Can it be that the Share Exchange Agreement, which gave Wells Fargo 40% of the voting control over Wachovia stock, is invalid?  That’s exactly what the  Plaintiff in the shareholder class action asking for an injunction regarding the Wachovia-Wells Fargo merger is saying in his Reply Brief filed yesterday.

In this new argument — not raised in Plaintiff’s opening Brief — Plaintiff says that a share exchange, under North Carolina law, requires the approval of the shareholders, and that this approval wasn’t obtained.  If Plaintiff is right, the substantial voting power obtained by Wells Fargo in connection with that Agreement would be invalid.

Plaintiff is certainly right about the need for approval of a share exchange under North Carolina law.  Section 55-11-03 of the General Statutes says that:

After adopting a . . . share exchange, the board of directors . . . of the corporation whose shares will be acquired in the share exchange, shall submit the . . . share exchange for approval by its shareholders.

N.C. Gen. Stat. ¶55-11-03(a). If this is the type of share exchange which is subject to the statute in the first place (Wachovia could just as easily have sold these shares to Wells Fargo for $10, and not exchanged shares, so it may not be), this will be a significant issue.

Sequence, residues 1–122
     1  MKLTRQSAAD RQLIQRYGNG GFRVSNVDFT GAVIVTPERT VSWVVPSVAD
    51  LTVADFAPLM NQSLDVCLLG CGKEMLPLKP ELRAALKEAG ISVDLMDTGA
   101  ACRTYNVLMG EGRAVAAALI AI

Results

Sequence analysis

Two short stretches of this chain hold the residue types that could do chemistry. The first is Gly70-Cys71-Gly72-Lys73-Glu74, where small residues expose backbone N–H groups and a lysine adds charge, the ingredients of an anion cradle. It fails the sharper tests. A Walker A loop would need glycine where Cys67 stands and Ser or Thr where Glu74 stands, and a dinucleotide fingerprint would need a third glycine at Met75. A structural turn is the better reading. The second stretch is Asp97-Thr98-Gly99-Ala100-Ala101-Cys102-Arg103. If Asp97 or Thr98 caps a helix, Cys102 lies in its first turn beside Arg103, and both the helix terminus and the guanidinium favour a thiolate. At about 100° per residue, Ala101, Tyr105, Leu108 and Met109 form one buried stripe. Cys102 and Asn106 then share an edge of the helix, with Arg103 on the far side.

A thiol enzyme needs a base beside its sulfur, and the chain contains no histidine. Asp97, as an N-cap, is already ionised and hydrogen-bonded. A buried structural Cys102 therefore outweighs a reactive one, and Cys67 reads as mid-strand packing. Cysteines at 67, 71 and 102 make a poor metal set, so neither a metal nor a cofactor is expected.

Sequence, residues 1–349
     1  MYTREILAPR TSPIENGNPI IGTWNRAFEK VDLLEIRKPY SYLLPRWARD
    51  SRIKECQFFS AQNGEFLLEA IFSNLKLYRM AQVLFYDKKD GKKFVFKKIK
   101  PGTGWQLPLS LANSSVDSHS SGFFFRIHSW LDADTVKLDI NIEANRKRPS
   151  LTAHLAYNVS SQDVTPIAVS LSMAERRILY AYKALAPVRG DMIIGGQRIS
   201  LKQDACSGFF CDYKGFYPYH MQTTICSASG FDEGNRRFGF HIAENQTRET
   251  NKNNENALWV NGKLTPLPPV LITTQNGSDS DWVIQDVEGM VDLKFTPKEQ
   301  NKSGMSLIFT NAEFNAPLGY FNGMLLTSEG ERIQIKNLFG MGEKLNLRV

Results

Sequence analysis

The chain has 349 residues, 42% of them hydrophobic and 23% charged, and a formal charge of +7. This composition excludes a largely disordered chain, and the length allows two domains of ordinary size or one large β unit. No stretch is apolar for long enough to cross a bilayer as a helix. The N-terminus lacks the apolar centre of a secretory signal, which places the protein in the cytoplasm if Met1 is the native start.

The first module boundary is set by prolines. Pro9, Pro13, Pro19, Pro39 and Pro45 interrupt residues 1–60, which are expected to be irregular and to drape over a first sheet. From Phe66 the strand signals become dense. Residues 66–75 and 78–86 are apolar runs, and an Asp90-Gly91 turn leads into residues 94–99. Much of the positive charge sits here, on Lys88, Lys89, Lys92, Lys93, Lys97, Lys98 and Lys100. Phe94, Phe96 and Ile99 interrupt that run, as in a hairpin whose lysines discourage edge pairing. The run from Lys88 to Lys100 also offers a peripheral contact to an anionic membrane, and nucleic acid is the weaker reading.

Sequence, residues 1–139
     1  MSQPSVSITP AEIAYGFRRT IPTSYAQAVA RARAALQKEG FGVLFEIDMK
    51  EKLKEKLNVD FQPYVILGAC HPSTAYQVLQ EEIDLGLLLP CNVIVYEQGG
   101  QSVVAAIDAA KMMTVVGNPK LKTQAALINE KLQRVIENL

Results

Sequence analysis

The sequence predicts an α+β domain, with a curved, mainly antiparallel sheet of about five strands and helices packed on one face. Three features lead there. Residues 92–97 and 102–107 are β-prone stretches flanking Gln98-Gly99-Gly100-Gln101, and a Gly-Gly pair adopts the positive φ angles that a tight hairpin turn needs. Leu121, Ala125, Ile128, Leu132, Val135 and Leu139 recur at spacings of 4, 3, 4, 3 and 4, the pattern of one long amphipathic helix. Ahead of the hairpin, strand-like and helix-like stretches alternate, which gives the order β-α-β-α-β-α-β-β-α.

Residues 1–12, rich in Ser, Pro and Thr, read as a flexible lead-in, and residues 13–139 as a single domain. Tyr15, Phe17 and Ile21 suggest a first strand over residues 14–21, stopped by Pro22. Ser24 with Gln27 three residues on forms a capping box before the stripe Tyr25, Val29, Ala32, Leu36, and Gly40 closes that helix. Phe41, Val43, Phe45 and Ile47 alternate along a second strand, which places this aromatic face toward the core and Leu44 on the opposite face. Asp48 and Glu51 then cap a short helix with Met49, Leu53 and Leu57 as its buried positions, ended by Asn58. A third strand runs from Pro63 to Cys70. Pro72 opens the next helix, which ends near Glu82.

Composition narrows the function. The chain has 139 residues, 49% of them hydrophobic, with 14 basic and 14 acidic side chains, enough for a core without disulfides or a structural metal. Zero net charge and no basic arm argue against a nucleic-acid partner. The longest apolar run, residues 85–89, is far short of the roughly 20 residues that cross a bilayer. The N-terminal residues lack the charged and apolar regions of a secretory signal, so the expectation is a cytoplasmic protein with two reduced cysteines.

The won’t be the end of the inquiry, however, because not every share exchange requires shareholder approval.  The North Carolina statute requires approval only for a forced, involuntary transaction  The commentary to Section 55-11-02 says that:

This section introduces a concept that is new to North Carolina, i.e., a share exchange, which is defined as a transaction by which a corporation becomes the owner of all the outstanding shares of one or more classes of another corporation by an exchange that is compulsory on all owners of the acquired shares.

The statute specifically states that "this section does not limit the acquisition of all or part of the shares of one or more classes or series of a corporation through a voluntary exchange or otherwise."  N.C. Gen. Stat. §55-11-02(d).

Apart from being dictated by the severe financial pressures which Wachovia faced, the share exchange would seem to be voluntary.  If that’s the case, it didn’t require shareholder approval.

[Update: On Sunday, November 23rd, Wachovia filed a Motion for leave to file an additional Brief addressing this issue.  The  Proposed Brief was attached to the Motion.  In addition to arguing that the statute does not apply to a voluntary transaction, Wachovia argues in the new Brief that the statute does not apply to an issuance of new shares.  I wrote about the process by which these shares were issued in an earlier post.]